Using detection tools such as LIGO, VIRGO and KAGRA, the scientists were able to record the occurrence of the aggregation of 35 new supermassive objects that caused the appearance of gravitational waves. Thus, the number of detected events causing waves has increased to 91 by the end of October 2021. The last events of links or conflicts recorded by the inventors took place in November 2019 – March 2020, and as they are now listed, the total number will soon increase.
Read on the site Catch the elusive: How scientists detect gravitational waves
Disaster events in the universe
- Most of the newly recorded cases occurred as a result of the merger of black action pairs.
- Two events may have occurred due to the absorption of the neutron star by the black hole.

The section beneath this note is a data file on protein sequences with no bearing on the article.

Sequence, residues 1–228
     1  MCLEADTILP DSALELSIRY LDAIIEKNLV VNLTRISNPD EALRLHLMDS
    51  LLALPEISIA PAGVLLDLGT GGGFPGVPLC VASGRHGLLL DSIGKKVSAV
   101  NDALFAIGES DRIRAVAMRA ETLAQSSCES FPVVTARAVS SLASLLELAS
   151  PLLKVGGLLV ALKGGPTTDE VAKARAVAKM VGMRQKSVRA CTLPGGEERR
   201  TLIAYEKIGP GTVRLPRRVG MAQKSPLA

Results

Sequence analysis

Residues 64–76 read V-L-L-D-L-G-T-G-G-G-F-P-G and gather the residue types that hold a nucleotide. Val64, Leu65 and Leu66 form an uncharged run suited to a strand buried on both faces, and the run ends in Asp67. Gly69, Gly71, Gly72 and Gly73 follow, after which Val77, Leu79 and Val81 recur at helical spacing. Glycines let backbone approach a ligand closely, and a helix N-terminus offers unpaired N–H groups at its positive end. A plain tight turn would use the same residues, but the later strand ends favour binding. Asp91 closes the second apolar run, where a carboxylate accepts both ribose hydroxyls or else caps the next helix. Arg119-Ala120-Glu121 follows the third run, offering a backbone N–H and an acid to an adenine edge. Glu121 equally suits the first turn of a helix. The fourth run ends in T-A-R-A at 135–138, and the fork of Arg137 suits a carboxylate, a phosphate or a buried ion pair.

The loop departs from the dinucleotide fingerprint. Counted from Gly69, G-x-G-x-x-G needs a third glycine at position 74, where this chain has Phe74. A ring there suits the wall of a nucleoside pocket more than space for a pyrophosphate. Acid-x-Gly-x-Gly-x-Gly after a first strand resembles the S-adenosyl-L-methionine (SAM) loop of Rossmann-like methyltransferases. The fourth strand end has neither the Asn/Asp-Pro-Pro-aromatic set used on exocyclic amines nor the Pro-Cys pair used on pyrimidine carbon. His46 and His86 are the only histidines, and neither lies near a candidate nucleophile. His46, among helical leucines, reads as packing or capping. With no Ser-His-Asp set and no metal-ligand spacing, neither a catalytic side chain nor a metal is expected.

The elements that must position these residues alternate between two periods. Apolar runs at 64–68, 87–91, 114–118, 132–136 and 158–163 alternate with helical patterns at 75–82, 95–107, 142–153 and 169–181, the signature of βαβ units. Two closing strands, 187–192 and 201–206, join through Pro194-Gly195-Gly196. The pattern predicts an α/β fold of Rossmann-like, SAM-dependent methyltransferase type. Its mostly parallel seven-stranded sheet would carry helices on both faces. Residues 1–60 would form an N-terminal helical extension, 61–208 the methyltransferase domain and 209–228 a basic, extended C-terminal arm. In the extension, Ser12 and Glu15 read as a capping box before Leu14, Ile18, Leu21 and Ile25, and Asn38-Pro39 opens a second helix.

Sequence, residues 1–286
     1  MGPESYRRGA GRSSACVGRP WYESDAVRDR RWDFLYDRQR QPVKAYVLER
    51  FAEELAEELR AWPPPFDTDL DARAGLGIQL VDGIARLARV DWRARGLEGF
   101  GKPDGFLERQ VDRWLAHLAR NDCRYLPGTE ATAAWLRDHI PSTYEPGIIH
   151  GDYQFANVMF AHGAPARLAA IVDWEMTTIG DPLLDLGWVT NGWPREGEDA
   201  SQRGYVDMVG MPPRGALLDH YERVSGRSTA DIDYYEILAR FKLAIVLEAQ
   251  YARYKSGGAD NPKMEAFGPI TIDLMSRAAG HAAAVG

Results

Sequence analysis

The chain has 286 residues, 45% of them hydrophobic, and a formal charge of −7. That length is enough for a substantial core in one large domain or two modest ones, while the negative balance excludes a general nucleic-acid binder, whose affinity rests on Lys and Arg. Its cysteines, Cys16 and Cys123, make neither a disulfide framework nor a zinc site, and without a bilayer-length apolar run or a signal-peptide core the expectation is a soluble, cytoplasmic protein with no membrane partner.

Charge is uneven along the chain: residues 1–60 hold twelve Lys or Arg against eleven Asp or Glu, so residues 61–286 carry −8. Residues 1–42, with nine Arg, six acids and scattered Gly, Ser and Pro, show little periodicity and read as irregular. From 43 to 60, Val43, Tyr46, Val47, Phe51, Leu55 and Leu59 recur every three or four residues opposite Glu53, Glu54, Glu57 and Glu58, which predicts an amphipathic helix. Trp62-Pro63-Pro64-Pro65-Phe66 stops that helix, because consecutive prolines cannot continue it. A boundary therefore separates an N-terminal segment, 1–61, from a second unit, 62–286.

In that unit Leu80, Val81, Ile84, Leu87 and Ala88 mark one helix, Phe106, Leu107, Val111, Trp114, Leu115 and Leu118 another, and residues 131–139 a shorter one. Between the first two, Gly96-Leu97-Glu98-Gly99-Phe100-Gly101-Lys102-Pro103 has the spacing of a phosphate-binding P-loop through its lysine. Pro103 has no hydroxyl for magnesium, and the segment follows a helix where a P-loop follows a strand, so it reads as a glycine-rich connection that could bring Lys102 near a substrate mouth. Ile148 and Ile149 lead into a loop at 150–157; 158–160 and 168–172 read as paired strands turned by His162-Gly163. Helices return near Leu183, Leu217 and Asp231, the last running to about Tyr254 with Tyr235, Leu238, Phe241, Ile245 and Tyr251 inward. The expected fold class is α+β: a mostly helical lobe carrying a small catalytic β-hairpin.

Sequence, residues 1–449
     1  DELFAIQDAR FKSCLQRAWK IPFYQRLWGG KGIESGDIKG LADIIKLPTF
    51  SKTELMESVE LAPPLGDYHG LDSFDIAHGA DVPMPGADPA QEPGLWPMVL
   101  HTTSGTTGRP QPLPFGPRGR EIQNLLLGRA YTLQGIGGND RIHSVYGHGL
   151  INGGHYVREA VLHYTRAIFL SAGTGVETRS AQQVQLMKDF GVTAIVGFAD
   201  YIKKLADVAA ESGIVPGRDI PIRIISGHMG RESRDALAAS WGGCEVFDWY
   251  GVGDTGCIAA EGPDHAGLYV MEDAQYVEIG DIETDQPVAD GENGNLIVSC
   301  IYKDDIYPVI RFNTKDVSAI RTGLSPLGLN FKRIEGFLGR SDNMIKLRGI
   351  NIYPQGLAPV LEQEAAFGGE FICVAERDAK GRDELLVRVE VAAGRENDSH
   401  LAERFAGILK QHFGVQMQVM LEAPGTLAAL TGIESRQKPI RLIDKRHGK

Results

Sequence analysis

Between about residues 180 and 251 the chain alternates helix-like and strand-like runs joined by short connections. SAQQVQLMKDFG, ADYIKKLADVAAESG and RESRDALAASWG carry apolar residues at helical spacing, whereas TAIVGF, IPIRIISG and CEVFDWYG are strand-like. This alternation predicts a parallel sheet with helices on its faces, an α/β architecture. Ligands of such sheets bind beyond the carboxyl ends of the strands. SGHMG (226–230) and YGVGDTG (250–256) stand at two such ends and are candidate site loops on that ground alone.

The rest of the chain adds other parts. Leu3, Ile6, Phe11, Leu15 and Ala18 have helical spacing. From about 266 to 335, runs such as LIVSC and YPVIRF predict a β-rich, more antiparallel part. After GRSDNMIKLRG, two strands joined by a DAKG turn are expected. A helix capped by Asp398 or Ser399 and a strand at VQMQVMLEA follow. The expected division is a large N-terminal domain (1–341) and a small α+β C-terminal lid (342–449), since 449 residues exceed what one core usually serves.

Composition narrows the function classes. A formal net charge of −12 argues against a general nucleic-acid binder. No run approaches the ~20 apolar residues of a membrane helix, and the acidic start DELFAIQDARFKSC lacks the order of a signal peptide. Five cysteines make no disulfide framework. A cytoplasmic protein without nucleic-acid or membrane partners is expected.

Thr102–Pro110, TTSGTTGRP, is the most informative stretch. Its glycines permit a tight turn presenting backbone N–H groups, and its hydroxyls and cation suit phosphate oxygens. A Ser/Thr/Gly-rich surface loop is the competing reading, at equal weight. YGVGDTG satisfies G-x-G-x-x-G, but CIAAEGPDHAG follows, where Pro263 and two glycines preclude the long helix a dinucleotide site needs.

- One phenomenon remains a mystery – a black hole collided with an unknown object 2.8 times the mass of the Sun. This object is too large to be a neutron star, but too light to be a black hole. Maybe it’s a small black hole.
The largest pair combined to form gravitational waves is the GW200220_061928 signal. In this event, the two black holes collided with solar masses 107 and 77, respectively. As a result, a black hole about 175 times the mass of the Sun formed.
Gravitational waves also give us some idea of the physical properties of the orbits that hold objects together. Thus, some black holes were found to rotate in opposite directions relative to the direction of motion in their orbit before merging.